10. How do you pass on the idea of work as worship to your children or the younger generation? What strategies or approaches have you found effective in helping them develop a positive attitude towards work and finding purpose in what they do?

Read the full transcript:

Yvette Hampton:

Hey everyone, this is Yvette Hampton. Welcome back to the Schoolhouse Rocked Podcast. I am so glad you are with us this week. We are talking this week about a topic that we get asked about constantly. We have you guys write in about it, we have you talk to us about it at different events. And that question is how can moms work and homeschool at the same time? And I know many of us today need to do that because of just where we are in the world. Or maybe some of you have taken your kids out of public school or private school and you want to homeschool them but you have to work and you’re not exactly sure how to balance those things and it can be tricky. I work some from home. Of course I do the podcast. It doesn’t just happen by itself. Truth be told, my husband does the way majority of the work for the podcast. I get to just sit and have conversations with people. But I do work from home and it is a blessing to my family that I get to do that and I love working with my husband. But some of you need to work maybe full time from home, whatever that.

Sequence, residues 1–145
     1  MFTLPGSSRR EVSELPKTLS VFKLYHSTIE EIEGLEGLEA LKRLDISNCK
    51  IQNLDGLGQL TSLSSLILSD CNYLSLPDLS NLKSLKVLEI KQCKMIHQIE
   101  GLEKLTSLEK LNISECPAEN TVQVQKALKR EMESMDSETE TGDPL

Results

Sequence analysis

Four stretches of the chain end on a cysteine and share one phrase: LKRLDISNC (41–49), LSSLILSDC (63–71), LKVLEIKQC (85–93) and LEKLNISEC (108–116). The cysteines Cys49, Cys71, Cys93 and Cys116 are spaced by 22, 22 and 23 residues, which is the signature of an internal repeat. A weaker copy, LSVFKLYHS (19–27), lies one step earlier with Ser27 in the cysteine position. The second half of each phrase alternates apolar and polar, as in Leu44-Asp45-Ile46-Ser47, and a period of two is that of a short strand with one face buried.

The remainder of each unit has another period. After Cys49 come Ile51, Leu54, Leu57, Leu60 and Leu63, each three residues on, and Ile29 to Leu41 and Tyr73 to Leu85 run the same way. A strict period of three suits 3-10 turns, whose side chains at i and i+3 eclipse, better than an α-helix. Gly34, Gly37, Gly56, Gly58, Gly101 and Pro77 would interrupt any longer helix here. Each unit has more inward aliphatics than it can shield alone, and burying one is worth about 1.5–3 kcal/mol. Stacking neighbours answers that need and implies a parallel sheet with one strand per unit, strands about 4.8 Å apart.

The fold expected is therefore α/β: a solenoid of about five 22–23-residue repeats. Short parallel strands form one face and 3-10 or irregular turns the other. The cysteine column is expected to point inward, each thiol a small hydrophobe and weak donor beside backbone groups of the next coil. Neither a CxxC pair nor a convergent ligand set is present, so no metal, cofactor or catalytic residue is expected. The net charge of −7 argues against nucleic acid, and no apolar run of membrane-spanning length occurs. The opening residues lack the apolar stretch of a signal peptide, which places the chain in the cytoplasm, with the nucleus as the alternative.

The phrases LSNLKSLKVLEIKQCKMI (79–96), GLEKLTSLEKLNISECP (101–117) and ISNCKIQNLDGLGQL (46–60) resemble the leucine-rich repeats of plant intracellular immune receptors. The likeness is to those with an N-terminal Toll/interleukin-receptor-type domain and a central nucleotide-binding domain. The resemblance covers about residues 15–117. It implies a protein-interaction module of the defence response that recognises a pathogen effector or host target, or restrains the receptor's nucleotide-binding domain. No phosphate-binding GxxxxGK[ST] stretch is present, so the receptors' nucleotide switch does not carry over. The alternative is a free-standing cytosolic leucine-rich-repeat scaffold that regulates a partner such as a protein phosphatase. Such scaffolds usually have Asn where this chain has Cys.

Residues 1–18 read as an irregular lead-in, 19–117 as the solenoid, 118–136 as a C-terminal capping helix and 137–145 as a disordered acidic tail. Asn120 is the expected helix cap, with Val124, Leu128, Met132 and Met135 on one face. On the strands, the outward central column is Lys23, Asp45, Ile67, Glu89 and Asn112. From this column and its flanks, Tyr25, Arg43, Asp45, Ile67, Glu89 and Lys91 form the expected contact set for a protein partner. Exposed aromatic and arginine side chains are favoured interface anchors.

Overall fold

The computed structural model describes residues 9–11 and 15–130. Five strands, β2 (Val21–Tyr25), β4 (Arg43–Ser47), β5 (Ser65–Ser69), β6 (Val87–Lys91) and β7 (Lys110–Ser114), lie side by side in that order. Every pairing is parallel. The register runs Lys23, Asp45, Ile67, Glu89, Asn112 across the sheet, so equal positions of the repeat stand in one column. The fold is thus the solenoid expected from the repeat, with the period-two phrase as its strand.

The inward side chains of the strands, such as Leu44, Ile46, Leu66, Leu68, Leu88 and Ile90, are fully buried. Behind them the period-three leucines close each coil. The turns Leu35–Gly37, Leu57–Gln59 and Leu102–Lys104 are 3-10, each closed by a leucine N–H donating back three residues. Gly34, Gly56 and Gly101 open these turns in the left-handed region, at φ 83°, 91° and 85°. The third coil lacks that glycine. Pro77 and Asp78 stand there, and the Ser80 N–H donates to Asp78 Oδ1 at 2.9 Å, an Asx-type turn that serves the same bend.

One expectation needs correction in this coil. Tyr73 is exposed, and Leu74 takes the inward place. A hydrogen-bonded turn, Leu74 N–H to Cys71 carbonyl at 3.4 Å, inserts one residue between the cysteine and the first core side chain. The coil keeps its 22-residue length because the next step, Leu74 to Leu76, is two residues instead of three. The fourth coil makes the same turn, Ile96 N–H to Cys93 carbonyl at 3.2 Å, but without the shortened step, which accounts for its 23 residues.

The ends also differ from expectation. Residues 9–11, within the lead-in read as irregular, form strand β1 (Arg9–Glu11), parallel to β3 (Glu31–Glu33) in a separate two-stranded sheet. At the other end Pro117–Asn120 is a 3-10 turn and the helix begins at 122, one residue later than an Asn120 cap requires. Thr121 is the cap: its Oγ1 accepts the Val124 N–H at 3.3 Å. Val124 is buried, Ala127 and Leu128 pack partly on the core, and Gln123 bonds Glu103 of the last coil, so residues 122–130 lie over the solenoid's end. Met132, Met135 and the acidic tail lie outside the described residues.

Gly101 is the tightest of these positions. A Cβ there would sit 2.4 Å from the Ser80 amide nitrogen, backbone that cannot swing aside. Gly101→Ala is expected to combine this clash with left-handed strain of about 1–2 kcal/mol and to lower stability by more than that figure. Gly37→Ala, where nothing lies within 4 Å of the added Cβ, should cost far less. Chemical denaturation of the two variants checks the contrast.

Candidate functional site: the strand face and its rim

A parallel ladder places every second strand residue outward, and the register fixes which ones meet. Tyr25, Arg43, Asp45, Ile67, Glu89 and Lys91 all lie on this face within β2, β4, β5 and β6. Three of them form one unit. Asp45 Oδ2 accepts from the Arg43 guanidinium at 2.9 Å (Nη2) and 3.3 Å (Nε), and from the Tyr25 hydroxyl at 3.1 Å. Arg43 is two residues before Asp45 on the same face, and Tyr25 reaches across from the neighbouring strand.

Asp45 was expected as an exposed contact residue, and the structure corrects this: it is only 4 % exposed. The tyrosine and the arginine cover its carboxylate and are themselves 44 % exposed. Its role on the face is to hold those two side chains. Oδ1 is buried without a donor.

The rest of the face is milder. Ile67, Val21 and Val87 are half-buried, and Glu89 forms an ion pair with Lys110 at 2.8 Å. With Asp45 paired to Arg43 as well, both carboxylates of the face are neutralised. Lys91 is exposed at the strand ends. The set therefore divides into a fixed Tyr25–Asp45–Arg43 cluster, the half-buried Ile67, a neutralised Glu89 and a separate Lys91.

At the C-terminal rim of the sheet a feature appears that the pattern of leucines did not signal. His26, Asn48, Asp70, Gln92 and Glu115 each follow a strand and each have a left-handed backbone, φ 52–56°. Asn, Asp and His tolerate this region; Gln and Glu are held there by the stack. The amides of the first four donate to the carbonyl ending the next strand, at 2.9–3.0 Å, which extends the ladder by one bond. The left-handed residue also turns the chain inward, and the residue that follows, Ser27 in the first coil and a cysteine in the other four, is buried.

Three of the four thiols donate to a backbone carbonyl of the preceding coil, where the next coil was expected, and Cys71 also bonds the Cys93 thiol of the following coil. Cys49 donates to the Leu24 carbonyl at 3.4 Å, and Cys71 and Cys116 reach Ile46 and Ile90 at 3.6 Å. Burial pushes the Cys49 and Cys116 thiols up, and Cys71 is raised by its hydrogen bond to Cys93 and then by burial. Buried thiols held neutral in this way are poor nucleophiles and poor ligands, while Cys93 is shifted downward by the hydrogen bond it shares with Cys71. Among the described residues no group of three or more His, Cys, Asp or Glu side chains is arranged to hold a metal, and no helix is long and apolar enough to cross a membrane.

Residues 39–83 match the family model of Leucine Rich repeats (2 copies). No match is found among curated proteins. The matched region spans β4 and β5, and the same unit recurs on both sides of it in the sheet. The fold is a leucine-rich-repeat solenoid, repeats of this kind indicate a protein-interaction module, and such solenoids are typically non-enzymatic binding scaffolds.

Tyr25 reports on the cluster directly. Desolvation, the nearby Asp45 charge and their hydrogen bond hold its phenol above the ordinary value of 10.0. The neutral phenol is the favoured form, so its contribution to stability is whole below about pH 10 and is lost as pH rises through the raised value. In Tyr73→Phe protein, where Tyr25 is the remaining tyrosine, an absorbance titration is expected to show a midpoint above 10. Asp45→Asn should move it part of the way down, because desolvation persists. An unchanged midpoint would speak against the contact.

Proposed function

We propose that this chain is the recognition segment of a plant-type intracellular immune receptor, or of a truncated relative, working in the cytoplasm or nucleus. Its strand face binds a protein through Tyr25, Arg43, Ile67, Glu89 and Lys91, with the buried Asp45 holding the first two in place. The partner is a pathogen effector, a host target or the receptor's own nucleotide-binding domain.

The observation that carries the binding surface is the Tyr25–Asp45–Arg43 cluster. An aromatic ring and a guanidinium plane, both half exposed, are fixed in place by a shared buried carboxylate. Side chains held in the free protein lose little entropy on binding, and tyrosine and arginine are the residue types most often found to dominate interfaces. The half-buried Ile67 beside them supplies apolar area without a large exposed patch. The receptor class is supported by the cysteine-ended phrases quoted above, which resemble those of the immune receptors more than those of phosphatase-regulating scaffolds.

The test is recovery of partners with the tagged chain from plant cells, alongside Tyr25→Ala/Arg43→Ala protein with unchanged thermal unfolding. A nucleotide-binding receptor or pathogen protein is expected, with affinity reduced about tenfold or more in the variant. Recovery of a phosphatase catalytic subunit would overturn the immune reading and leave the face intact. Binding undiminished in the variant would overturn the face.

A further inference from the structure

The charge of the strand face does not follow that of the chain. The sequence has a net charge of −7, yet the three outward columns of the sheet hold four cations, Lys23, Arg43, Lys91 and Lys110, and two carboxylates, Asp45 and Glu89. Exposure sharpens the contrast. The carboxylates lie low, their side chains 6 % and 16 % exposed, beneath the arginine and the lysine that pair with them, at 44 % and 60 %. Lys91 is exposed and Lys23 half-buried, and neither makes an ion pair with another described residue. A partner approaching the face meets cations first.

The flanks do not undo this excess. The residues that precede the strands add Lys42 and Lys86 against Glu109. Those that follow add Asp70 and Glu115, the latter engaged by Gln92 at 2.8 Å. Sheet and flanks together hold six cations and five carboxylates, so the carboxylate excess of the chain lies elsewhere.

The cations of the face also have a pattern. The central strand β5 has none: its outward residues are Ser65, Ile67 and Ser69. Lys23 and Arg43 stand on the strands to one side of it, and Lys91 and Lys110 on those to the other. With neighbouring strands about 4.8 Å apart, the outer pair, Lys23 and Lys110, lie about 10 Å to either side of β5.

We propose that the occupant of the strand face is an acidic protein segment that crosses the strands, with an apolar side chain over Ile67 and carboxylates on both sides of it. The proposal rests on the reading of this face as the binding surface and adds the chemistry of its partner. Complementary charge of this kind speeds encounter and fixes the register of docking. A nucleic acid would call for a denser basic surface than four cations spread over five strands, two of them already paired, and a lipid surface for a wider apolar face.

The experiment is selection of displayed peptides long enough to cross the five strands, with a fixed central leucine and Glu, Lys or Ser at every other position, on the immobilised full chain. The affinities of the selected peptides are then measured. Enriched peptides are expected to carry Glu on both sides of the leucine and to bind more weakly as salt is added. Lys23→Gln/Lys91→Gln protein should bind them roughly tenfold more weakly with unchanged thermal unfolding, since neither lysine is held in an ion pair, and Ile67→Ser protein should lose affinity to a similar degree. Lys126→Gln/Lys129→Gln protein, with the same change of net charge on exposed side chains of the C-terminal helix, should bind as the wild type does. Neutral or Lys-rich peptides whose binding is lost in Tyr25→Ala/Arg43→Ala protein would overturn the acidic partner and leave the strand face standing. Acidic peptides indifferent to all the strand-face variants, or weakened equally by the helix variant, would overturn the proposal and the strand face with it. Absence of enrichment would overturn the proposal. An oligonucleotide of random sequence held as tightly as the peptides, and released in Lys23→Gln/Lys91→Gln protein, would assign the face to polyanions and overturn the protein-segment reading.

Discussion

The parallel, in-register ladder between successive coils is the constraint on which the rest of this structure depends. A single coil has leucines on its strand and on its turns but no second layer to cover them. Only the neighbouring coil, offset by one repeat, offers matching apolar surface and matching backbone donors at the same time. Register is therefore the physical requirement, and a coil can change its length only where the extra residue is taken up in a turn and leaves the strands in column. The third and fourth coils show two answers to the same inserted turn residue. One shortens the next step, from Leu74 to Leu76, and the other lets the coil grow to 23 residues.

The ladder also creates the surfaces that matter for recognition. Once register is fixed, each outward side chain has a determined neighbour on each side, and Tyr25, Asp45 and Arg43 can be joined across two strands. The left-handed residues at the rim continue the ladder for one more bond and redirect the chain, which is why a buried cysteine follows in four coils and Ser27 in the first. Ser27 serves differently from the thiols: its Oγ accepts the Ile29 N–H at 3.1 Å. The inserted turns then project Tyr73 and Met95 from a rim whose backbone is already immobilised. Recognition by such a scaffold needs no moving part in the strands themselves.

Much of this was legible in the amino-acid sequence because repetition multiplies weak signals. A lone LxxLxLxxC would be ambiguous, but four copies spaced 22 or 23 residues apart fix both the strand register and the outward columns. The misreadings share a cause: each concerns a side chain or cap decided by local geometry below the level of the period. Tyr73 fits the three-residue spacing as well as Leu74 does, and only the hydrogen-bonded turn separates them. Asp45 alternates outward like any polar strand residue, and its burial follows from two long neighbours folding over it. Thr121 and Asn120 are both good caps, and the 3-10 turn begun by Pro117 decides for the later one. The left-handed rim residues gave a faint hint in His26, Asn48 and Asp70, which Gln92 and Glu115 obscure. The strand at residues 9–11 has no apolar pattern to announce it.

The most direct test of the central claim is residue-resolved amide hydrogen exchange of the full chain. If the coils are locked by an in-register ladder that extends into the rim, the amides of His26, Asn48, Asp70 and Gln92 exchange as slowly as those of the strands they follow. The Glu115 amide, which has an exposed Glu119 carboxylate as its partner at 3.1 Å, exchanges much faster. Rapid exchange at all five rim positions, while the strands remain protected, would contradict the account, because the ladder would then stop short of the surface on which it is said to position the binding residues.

Katie Hornor:

Might look like for you.

Yvette Hampton:

Katie Hornor is with us this week. She’s a new guest and she is kind of the expert at this. She’s a homeschool mom. She works from home and she’s going to give some really good practical advice and pointers on how you can tie those two things together and help bring financial support to your family. Well, Katie Hornor, welcome to the Schoolhouse Rocked Podcast. It is such a pleasure to meet you. Tell us a little bit about you and your ministry.

Katie Hornor: